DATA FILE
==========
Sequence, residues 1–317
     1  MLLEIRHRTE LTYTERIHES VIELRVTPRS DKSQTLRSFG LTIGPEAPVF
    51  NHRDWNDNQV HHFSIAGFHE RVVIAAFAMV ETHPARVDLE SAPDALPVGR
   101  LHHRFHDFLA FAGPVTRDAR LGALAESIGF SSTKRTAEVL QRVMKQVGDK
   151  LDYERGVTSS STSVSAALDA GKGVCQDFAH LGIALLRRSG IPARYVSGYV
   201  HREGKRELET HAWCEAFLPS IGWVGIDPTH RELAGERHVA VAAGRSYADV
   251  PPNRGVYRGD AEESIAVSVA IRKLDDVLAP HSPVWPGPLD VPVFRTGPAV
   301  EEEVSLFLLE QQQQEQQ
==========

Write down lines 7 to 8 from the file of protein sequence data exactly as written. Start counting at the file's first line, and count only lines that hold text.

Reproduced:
   251  PPNRGVYRGD AEESIAVSVA IRKLDDVLAP HSPVWPGPLD VPVFRTGPAV
   301  EEEVSLFLLE QQQQEQQ